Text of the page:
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Need for affordable housing increases as availability decreases, Meck County reports

CHARLOTTE — Mecklenburg County is seeing a heightened need for affordable housing and a decline in its availability.

More than 3,200 people are experiencing homelessness as of October 2022, which is an increase of 3% from the previous year , according to a report from the Charlotte-Mecklenburg State of Housing Instability and Homelessness.

Low-cost rentals are dropping, too.

>>CLICK HERE for available resources in our affordable housing guide.

The number of apartments with rent under $800 dropped from 45% of the county’s inventory in 2011 to 13% of rentals in 2022, according to the report.

“I think one of the things is really trying to focus on, how do we bring back more of that low-to-moderate income housing so that these families are able to stay in their homes?” said Tameka Gunn, the president and CEO of Community Link, an affordable housing group.

People’s incomes are not keeping up with the price of rent in the Queen City.

The Mecklenburg County report shows that 47% of renters are spending more than 30% of their income on housing costs.

Gunn also pointed out a growing need to help people stay in their homes through difficult times.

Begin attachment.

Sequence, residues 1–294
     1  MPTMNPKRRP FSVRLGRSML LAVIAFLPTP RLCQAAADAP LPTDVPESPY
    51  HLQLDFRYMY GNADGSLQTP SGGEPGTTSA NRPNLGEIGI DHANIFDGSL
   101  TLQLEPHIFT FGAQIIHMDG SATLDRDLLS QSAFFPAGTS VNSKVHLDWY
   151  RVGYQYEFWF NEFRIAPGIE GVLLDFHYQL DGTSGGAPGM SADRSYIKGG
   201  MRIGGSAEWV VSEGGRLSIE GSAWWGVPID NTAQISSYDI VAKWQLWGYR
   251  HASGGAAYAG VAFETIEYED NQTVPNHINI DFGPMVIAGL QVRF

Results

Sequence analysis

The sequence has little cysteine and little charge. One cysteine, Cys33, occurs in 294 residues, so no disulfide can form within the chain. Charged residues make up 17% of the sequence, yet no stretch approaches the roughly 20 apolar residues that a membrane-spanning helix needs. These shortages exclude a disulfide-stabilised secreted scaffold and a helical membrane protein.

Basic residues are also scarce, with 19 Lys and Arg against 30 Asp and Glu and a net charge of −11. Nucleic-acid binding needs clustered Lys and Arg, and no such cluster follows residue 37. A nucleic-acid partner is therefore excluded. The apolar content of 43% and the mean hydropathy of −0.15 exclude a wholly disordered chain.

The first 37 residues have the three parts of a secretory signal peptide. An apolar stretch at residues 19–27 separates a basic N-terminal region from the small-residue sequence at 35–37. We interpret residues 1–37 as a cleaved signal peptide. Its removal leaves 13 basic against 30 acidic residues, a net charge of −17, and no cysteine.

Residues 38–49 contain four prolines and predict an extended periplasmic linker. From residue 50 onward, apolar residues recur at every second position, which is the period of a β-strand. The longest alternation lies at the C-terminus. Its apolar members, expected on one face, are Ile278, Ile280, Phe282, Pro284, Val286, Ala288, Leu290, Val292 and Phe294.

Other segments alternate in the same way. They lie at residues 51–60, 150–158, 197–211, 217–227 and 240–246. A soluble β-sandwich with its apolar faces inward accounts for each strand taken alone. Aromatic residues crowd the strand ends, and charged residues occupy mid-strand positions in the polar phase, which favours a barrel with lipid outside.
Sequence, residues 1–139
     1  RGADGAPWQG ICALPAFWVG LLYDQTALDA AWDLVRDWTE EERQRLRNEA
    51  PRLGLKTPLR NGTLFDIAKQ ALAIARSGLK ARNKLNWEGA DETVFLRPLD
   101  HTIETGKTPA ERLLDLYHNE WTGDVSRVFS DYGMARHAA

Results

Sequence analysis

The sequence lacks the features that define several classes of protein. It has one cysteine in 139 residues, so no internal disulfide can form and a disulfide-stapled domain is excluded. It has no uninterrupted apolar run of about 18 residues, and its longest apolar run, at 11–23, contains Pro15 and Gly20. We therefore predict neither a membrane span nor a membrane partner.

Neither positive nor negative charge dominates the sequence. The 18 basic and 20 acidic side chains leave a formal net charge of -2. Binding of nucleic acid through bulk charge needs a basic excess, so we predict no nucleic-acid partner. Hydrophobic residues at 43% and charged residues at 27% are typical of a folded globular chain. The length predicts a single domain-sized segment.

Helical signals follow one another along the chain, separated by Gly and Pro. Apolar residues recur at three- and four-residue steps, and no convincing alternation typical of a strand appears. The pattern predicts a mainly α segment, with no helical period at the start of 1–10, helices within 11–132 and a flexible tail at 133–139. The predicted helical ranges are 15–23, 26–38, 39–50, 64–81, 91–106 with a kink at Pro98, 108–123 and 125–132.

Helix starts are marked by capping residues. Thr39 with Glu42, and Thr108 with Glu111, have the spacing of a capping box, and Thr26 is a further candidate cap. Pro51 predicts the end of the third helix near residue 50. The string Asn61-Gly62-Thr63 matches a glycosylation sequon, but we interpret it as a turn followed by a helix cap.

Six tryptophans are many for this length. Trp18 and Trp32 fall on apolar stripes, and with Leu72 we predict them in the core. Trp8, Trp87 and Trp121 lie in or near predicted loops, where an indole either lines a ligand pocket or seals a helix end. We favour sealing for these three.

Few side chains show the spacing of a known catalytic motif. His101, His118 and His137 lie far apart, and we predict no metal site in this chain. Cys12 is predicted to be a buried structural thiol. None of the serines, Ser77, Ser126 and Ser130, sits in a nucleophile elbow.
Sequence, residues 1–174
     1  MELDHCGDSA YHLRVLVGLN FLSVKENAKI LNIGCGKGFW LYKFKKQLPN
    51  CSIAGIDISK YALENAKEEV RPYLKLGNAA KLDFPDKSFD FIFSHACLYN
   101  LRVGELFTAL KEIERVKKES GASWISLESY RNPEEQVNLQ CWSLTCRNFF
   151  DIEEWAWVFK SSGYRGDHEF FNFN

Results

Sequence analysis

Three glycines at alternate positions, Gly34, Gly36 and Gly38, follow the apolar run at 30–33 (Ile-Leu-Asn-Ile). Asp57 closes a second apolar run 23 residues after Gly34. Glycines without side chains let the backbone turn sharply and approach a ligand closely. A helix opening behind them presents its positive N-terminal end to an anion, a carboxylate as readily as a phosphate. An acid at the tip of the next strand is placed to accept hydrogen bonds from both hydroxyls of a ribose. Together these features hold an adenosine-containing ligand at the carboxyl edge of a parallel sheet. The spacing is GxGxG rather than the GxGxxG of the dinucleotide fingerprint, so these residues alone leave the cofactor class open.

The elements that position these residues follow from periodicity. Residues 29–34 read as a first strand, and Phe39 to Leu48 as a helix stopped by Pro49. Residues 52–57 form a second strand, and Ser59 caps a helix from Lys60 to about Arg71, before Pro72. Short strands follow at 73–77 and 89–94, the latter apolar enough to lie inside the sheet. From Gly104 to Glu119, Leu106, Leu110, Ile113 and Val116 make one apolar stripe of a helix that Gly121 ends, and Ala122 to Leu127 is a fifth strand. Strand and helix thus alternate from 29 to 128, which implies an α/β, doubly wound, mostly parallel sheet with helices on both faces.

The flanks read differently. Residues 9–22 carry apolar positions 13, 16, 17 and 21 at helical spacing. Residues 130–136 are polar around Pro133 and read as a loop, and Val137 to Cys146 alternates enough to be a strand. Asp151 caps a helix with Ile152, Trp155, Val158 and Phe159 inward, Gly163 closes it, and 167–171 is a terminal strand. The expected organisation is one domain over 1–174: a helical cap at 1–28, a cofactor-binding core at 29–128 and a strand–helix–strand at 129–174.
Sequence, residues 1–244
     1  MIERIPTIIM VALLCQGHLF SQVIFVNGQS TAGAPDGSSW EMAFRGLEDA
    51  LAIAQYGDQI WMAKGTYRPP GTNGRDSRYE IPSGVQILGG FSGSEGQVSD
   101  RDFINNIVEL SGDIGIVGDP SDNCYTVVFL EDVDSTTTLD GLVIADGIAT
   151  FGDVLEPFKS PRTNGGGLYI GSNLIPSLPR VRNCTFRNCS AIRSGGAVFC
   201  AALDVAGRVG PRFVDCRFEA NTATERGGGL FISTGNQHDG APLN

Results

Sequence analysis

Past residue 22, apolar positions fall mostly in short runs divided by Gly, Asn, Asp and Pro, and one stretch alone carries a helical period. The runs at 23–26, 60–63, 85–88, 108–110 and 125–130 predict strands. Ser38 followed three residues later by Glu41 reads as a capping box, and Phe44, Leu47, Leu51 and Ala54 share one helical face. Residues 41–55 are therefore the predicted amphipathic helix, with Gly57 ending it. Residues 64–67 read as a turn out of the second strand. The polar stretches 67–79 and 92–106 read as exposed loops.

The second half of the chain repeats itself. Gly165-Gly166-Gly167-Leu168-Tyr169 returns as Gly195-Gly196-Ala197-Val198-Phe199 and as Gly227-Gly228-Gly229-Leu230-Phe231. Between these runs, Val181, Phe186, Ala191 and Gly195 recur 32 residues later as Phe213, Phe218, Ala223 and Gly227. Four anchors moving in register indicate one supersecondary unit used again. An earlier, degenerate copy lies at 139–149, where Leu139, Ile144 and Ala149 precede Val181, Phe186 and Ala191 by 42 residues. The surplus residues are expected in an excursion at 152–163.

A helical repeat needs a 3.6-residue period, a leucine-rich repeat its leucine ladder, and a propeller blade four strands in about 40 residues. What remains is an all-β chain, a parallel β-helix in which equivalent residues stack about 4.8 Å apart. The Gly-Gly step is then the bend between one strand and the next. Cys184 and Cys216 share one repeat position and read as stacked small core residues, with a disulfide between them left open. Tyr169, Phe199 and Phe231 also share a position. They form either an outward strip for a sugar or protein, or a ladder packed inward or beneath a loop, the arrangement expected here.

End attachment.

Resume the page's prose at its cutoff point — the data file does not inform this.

“I am a huge, a huge proponent of eviction prevention,” she said. “And the reason I say that is because if someone is already housed in a unit, and they had a setback, they need to get over that hump.”

County Commissioner Pat Cotham moved to Charlotte in the 1980s and has seen the city grow immensely.

“It used to be years ago, you didn’t see people struggling in certain areas and more fluid areas, but a lot of the people in those areas now are, ‘What’s going on?’” Cotham said.

Cotham said affordable housing has been a priority.

“We have really worked better with the city and with nonprofits, and work with the corporate community to try to have more of a collaboration to solve this problem, or to improve this problem,” she said.

Cotham stresses it is a complex problem, which encompasses a lag in wages, transportation issues, and the high cost of land.

There’s no one size fits all answer, but help is available, she said.

“We have been trying to expand our services and geographical areas,” Cotham said. “So we have resource centers, not just in the Uptown area, but a little farther out.”


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